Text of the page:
Bolivia, the underground mines of Potosì
We are in Bolivia, in Potosì, the country that, together with Paraguay, represents the poorest in the second world, South America. Here, in spite of this, there is an inexplicable energy: on the streets, among the people and even underground. You would never imagine being able to live whole days without seeing the light of the sun, breathing toxic dust, making only one meal a day, going from 40 degrees to zero in a few minutes and slipping into narrow tunnels hundreds of meters below the ground with a whole mountain with holes in it a gruyère on the head?
In Potosì, for generations, mining work has been the main use and has been handed down from father to son as if it were an art.
A miner is a true entrepreneur of himself, he pays an annual concession to a cooperative for the use of the mine and all he finds is his except for another 15% that he leaves each month to the latter.
The miners are divided into 2 categories: those who find the vein of minerals, make a fortune and consequently in addition to buying a house and a car, they are able to improve their working standards (trivially, they can get oxygen tubes into their excavation area or use modern tools for mineral extraction) and those who do not make a fortune and continue to live in poverty and work with methods that date back to the 1600s. The 2 categories share the same fate: to live no more than 50 55 years.
We went down into the Cerro Rico active mine accompanied by former miners (ex only because they were hit by serious accidents that although they spared their lives, they no longer allowed them to continue their work) to touch art, difficulties and devotion of those who come down to work underground.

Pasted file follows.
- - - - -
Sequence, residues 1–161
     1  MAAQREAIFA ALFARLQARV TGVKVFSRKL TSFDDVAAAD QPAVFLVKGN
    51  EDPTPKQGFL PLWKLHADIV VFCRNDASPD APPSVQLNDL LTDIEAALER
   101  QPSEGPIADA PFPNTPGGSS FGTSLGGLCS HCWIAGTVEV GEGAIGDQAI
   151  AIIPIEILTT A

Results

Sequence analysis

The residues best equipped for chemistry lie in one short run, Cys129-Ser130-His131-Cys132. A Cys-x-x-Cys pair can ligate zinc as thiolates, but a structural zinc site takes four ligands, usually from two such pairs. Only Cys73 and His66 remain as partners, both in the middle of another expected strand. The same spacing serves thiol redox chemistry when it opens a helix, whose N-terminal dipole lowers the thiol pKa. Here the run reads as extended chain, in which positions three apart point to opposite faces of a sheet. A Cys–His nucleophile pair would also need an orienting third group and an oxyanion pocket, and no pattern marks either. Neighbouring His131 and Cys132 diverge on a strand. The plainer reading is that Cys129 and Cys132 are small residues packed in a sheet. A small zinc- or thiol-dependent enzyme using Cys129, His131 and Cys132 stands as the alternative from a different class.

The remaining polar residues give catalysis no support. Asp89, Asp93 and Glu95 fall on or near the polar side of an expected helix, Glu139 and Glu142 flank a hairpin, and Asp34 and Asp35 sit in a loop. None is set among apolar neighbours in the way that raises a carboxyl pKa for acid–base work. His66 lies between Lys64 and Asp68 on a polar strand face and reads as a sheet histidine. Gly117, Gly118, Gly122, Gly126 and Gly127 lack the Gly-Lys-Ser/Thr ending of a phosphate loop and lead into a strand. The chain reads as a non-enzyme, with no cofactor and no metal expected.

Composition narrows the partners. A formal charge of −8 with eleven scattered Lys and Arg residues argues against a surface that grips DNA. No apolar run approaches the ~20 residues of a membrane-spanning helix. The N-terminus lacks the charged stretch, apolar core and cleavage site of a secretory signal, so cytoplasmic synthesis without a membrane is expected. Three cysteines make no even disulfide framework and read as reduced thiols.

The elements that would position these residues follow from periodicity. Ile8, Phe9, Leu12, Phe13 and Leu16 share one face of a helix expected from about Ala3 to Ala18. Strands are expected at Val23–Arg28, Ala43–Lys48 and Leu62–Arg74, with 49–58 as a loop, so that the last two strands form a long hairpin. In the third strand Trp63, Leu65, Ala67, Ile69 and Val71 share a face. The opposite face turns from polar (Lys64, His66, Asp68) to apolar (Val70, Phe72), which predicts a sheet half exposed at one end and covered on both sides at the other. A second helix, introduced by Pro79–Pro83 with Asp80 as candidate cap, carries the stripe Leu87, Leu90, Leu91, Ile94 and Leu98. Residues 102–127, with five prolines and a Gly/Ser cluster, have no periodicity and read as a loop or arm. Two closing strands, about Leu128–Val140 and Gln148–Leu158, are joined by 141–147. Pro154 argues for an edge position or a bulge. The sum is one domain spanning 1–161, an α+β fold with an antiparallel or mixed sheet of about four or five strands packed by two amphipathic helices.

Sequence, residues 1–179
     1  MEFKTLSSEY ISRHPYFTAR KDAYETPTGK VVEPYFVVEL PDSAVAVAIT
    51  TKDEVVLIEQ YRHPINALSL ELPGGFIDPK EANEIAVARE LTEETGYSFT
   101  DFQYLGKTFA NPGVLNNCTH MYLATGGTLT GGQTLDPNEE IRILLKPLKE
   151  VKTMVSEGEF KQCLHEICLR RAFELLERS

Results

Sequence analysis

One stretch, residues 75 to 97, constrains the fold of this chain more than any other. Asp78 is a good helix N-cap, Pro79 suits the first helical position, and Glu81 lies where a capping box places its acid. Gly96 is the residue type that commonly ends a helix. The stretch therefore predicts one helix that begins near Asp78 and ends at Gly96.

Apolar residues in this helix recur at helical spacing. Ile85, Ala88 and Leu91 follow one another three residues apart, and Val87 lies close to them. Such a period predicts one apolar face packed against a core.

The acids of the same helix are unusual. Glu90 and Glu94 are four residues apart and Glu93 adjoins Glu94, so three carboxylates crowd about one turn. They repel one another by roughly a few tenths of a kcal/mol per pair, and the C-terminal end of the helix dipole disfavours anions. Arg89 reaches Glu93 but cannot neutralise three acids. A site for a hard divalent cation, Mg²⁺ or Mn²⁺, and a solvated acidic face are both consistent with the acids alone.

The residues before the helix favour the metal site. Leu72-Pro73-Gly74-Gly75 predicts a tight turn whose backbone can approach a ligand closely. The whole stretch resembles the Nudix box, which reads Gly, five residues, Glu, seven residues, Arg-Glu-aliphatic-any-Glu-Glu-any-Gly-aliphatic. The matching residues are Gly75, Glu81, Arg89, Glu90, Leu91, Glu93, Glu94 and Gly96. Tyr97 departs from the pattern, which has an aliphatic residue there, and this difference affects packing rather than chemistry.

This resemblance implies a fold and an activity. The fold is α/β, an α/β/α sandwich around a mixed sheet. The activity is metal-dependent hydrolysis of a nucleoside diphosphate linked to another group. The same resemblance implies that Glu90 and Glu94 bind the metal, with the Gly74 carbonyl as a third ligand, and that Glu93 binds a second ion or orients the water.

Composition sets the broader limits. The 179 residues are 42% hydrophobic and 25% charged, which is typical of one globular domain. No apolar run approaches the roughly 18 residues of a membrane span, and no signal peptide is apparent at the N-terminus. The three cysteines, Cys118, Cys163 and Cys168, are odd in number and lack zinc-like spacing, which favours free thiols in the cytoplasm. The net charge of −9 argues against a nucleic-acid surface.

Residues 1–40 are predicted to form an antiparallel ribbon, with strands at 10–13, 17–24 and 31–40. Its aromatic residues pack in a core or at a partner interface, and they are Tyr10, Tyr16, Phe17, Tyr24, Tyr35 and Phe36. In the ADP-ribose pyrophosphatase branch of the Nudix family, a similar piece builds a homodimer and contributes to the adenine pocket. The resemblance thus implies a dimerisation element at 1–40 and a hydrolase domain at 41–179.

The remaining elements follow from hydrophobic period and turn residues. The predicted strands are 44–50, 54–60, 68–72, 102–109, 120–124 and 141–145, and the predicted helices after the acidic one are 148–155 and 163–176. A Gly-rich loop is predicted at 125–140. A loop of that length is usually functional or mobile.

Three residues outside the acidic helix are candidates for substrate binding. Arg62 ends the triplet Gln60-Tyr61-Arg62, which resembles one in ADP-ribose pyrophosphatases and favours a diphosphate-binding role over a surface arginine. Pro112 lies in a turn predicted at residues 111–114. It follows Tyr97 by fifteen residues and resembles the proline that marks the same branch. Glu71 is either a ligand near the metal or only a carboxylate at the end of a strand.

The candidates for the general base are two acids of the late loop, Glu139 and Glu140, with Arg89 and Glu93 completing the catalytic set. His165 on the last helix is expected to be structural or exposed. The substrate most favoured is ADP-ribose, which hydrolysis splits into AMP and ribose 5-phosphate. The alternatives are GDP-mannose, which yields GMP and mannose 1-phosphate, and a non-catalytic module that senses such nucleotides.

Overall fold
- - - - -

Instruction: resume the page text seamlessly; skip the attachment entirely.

Just like a miner does every morning, we stopped to buy a stick of dynamite for 20 bolivianos (about $ 3) and stock up on coca leaves (the miners chew up to 300 a day, about 25 times more are used to make Bolivians, not to feel hunger, thirst, sleep, fatigue).
We have witnessed their preparation: before going underground, they spend a few tens of minutes in total silence, thinking only of what they will have to do once in the mine, a sort of mental and spiritual retreat.
Already a few meters from the entrance we were attacked by dust that made breathing almost impossible, we walked on all fours going down tunnels from which we could hardly pass, all with the temperature increasing and the oxygen decreasing. Some of us have had to go back and those who have remained have done some psychological work on themselves … yet they are the heroes who live it every day.
The mine is a sacred place, the miner worships 2 deities: the Pachamama (mother earth) and El Tio (the lord of the subsoil, companion of Pachamama).
Both deities must be honored. Since the mine is a place devoid of all life, the Pachamama is celebrated once a year with a real feast that takes place underground. On this occasion the mine is embellished with flower petals and colorful festoons with the sole aim of making it beautiful, alive and fertile so that it can return gifts.